Cheshire: the collective noun for sidecar motorcycles (alternately known as “hacks”) owing to the extraordinarily high probability of generating smiles in the people they pass relative to all other vehicles. Usage: “Upon encountering a cheshire of sidecars one should strongly consider playing the lottery.” or “Wow! There goes a cheshire of hacks.”
We rode the Trans-Massachusetts-Trail yesterday. A series of dirt roads starting at the border of Connecticut and Massachusetts and working its way north to route 2 where it meets up with the start of the Puppy Dog Trail, which winds its way north all the way to the Canadian border (we’ll be doing that one shortly). Near the end of the trip we stopped for a break in the woods to address the “call of nature” and grab a snack.
Today, my last day, started off about a third of the way across New York in Arkport and found me riding through another cloud. This one was just enough to shorten visibility and mist up your visor. Not like the one in Wyoming which left everything dripping. After a while I made my way past the hills that bounded it and found bright blue skies with sunlight streaming down. I was excited.
The thing to keep in mind: Motorcycling is a lot like boating. You can get yourself a dingy that’ll get you around the bay for pretty cheap, but it doesn’t have much in the way of features, and if a big wave comes along you’re going to drown because you don’t have a life preserver. As with boats, the price range (for bikes and gear) goes from cheap and affordable to mind-bogglingly expensive.
There are a few contenders when it comes to High-Viz motorcycle vests, Olympia, Icon, and FieldSheer are the main ones, and all meet military specs for on-base riding. Of those only the Olympia Nova and the Icon Mil Spec are available in bright yellow. If you haven’t seen the yellow in person I have to tell you that photos don’t do it justice. This stuff is so bright it makes you wonder if you’d still be able to see if you turned out the lights.
You’d think it’d be a non-issue, but it is. In fact, it can be a real pain in the ass. Sometimes they simply don’t register. You’d think they’d just wave you through since it’s not your fault, but frequently they’ll make you pay, and digging your money out of a riding suit can be a major hassle, especially if you thought you weren’t going to need it. So, if you’re riding a motorcycle and have an E-Z Pass / FastLane transponder.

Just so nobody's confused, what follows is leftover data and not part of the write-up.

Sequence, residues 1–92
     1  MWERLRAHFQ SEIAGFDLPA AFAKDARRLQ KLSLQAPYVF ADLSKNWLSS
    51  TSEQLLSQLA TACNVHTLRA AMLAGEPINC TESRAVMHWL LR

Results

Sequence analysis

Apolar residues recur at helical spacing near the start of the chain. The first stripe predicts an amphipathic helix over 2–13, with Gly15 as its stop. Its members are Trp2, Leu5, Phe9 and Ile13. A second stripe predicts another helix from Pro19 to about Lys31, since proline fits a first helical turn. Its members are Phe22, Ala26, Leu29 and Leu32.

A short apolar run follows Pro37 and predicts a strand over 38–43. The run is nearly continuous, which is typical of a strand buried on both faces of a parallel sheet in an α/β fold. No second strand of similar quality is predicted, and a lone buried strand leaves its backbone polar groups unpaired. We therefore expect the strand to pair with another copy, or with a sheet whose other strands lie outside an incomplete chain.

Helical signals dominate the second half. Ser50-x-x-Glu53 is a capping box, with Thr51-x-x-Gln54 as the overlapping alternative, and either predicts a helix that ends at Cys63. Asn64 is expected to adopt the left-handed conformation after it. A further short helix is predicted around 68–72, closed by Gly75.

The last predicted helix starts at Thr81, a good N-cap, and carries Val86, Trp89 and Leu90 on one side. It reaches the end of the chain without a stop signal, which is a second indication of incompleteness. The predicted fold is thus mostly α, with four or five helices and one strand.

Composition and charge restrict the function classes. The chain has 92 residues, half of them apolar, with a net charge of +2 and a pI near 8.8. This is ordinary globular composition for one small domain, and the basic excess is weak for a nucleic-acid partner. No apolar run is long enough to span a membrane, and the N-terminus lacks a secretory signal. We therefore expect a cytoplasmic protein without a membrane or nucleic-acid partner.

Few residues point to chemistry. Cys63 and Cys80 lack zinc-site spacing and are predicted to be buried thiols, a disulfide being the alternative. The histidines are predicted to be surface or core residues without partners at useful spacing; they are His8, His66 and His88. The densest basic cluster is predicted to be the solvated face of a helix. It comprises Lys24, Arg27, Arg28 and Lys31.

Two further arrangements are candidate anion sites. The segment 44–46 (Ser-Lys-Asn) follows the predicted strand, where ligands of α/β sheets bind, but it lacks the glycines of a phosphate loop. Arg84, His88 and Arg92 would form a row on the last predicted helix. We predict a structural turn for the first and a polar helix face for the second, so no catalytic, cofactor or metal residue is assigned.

I love this city and I thought it would be interesting to see what I could see when the roads weren’t clogged with cars… Overall rating: 2 1/2 stars (out of 5). It’s interesting but not very relaxing. Don’t get any ideas about attempting this during the day either. The traffic would be evil. The Route Note: I’d actually recommend going to the end of Storrow Drive and following the curve around as it becomes the start of Memorial Drive but I couldn’t convince Google Maps to do that.
New motorcyclists tend to spend most, or all, of their pennies on their new bike without considering, or perhaps realizing, just how much it’s going to cost to protect themselves on the bike. Of course, having just bought the bike, there’s no way they’re not going to ride it…. While I covered the items you’ll want to keep you safe in “So you want to ride a motorcycle… and not die” I didn’t cover what it would cost.
Lets be totally clear here. The statistics say that your are roughly as likely to get in an accident while driving a motorcycle as you are while driving a car. The obvious difference being that a car has a safety cage, and a motorcycle has, well… nothing. So, if you have a brain, you’re going to want to take steps to compensate for that missing safety cage. There’s no guarantee any of this will keep you from dying but it’ll seriously increase your chances of survival.